Gisa März was imprisoned for several months for driving without a fine. The Düsseldorf city council then decriminalized her driving without a fine.

A woman leans on a ticket machine, there is a bus to the right.

The man, now 57 years old, was imprisoned in the Düsseldorf penitentiary for “benefit cheating”. Photo: Andreas Fechner

A year after being released from prison, Gisa März walks through the door of the fiftyfifty club near Düsseldorf central station. She tied her white blonde hair in a ponytail. At the reception desk she will find cups, coffee makers and milk. March doesn't want coffee, but she asks for some issues of the street magazine that the club publishes. An employee writes down the number of magazines delivered on a list. The magazine costs 2.80 euros. If Gisa März sells a copy, she keeps half of her money and donates the other half to the club, fifty percent.

From November 2022 to March 2023, the 57-year-old man was imprisoned in the Düsseldorf prison for “evading benefits”, i.e. driving without a fine. He was even lucky: the penal code allows a sentence of up to one year. Paragraph 265a was introduced by the Nazis in 1935. To this day it has not been abolished. Recently, the Ministry of Justice only cut the period in half.

Almost 90,000 people across the country are reported each year because they were found without a valid ticket. The people who end up in jail are those who cannot pay a fine. According to TAZ estimates, this affects almost 2,000 people a year; About 800, like Gisa März, are serving prison sentences. Around 1,100 people received an alternative prison sentence, because they cannot pay the so-called increased transport fare. This costs the State between 100 and 200 euros per day per person, that is, in total more than a quarter of a million euros.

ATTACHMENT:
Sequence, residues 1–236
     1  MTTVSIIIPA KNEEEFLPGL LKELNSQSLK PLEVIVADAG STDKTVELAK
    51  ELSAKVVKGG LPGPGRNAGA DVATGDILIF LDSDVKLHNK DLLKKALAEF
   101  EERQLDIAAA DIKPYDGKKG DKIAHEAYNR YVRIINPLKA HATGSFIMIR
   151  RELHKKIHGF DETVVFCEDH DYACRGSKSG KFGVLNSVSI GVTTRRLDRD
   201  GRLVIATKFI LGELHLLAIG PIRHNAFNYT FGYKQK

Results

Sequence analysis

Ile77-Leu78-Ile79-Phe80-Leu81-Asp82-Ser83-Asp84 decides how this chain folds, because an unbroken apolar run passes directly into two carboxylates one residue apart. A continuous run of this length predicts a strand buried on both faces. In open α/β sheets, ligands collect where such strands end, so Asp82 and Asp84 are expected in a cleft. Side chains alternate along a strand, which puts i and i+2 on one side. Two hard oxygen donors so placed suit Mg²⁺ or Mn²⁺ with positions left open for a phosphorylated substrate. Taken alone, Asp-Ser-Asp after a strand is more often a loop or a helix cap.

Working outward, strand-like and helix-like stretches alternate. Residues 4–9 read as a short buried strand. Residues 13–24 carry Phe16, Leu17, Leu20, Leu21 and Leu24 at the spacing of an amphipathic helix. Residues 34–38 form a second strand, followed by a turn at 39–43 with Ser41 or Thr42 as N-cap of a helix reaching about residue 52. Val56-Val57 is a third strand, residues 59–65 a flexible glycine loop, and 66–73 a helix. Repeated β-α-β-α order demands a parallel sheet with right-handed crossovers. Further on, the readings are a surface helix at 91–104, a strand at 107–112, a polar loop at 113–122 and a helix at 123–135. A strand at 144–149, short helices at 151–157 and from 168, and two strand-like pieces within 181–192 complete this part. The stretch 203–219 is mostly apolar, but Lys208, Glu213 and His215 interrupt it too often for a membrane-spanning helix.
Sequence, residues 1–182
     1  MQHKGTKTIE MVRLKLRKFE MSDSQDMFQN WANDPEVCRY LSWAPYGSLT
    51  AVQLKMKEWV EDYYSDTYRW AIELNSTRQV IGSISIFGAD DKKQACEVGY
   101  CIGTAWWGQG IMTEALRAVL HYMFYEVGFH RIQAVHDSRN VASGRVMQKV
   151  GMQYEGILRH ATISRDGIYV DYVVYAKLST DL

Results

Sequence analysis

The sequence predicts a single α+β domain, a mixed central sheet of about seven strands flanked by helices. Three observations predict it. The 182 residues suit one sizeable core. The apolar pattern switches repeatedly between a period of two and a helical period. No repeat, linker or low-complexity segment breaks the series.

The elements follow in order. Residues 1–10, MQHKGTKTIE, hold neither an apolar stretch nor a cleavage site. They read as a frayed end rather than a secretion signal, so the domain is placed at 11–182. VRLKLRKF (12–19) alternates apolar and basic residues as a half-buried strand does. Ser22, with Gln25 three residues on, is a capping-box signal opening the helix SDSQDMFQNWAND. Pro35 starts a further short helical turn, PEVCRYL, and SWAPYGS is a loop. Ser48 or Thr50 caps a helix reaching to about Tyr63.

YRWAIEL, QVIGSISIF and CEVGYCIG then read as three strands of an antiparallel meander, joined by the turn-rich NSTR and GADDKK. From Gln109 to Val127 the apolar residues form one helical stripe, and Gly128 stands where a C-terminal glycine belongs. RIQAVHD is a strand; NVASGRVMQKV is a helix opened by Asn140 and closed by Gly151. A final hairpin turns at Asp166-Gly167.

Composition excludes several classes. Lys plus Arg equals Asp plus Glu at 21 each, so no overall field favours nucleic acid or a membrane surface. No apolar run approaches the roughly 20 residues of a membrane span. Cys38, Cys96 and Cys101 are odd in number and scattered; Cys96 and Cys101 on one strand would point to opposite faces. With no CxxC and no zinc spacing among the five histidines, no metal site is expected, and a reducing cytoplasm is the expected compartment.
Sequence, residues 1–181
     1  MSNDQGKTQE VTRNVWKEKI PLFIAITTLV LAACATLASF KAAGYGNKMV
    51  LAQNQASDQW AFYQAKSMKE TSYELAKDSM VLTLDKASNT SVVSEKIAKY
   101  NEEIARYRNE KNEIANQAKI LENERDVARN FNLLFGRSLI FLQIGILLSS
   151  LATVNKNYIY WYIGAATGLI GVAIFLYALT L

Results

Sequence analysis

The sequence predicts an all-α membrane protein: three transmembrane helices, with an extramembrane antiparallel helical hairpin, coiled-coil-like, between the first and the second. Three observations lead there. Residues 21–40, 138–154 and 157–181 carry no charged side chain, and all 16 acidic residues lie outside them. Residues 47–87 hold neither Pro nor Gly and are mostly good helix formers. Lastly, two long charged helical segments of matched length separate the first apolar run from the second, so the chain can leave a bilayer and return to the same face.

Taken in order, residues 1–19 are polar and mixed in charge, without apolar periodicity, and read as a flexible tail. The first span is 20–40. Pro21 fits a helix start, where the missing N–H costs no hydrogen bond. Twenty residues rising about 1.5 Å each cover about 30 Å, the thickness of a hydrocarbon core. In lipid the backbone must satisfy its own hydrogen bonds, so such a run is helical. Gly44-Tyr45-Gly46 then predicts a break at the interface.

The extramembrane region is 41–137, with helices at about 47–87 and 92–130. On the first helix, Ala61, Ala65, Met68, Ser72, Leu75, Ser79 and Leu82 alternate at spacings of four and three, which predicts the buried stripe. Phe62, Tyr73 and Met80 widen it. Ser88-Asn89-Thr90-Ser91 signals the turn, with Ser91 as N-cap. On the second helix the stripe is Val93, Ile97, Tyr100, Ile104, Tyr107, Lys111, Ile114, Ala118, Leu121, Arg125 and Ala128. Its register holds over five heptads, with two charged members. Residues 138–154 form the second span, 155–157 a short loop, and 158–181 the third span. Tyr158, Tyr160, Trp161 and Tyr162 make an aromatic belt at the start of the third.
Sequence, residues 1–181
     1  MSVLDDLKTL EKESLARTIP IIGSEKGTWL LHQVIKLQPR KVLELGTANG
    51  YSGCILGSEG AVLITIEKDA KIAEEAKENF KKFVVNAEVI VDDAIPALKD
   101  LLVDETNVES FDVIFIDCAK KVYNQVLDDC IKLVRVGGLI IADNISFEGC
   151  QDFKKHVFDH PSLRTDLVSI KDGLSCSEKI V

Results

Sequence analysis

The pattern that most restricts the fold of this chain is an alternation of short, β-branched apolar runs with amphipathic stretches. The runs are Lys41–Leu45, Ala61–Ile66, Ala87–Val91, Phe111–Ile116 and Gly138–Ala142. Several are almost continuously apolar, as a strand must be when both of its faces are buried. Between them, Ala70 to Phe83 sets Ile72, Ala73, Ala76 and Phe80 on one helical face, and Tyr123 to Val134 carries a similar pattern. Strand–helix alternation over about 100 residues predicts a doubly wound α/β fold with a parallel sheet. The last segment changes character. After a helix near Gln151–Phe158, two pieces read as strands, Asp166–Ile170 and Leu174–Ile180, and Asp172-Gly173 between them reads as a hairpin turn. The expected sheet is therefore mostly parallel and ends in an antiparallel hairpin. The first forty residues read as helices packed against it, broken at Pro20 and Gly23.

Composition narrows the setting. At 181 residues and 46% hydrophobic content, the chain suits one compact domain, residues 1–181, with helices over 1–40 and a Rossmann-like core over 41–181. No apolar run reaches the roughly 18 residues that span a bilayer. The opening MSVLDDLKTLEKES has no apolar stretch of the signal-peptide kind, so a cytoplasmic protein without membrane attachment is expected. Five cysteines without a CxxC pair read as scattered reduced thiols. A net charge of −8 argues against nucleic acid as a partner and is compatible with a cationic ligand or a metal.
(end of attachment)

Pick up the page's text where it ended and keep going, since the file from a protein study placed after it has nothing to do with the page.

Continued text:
Depends on public transportation

Gisa März has been selling the fiftyfifty homeless magazine almost since its inception in 1995. Her mother died then, she says. She had to move out of the apartment they shared, she couldn't get a new one, she lived on the street and used drugs. Selling the magazine saved her from begging and stealing. The club supported her, she says, she felt cared for. She accepted a one-euro job and entered a drug substitution program. The doctor who supplies her with Polamidon daily has her practice in Düsseldorf-Benrath. From her apartment in the former working-class district of Düsseldorf-Oberbilk she takes the S-Bahn three stops.

prisoner release The Freedom Fund has announced another “Freedom Day” for April 10. That day, people who are in prison for driving without a fine will be released on bail.

freedom fund The initiative was founded in December 2021. It calls for the decriminalization of driving without a fine. In the long term, public transport should be able to be used free of charge.

Donate In order to buy freedom for prisoners, the Freedom Fund collects donations. According to data from the company itself, almost 794,000 euros have been raised so far. In this way, 911 people were rescued. 166 years of prison were dissolved, saving the State 12.9 million euros. More information: